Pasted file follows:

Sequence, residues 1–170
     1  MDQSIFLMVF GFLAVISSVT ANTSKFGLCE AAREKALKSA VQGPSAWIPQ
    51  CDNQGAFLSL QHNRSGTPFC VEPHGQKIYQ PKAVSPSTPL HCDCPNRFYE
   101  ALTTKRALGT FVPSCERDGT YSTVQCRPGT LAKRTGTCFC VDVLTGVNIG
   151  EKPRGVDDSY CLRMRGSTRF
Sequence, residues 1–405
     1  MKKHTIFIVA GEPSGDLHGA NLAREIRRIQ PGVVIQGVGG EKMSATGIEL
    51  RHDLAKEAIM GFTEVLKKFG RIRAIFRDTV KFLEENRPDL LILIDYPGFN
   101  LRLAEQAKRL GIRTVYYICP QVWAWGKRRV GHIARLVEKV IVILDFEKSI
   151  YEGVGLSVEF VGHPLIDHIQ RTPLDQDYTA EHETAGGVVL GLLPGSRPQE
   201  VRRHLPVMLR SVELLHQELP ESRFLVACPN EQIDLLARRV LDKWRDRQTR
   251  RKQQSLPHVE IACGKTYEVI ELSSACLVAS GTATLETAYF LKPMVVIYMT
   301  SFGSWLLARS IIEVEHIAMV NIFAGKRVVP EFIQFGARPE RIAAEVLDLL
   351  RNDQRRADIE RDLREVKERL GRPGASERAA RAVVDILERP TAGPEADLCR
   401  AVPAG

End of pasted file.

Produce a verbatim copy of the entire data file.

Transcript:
Sequence, residues 1–170
     1  MDQSIFLMVF GFLAVISSVT ANTSKFGLCE AAREKALKSA VQGPSAWIPQ
    51  CDNQGAFLSL QHNRSGTPFC VEPHGQKIYQ PKAVSPSTPL HCDCPNRFYE
   101  ALTTKRALGT FVPSCERDGT YSTVQCRPGT LAKRTGTCFC VDVLTGVNIG
   151  EKPRGVDDSY CLRMRGSTRF
Sequence, residues 1–405
     1  MKKHTIFIVA GEPSGDLHGA NLAREIRRIQ PGVVIQGVGG EKMSATGIEL
    51  RHDLAKEAIM GFTEVLKKFG RIRAIFRDTV KFLEENRPDL LILIDYPGFN
   101  LRLAEQAKRL GIRTVYYICP QVWAWGKRRV GHIARLVEKV IVILDFEKSI
   151  YEGVGLSVEF VGHPLIDHIQ RTPLDQDYTA EHETAGGVVL GLLPGSRPQE
   201  VRRHLPVMLR SVELLHQELP ESRFLVACPN EQIDLLARRV LDKWRDRQTR
   251  RKQQSLPHVE IACGKTYEVI ELSSACLVAS GTATLETAYF LKPMVVIYMT
   301  SFGSWLLARS IIEVEHIAMV NIFAGKRVVP EFIQFGARPE RIAAEVLDLL
   351  RNDQRRADIE RDLREVKERL GRPGASERAA RAVVDILERP TAGPEADLCR
   401  AVPAG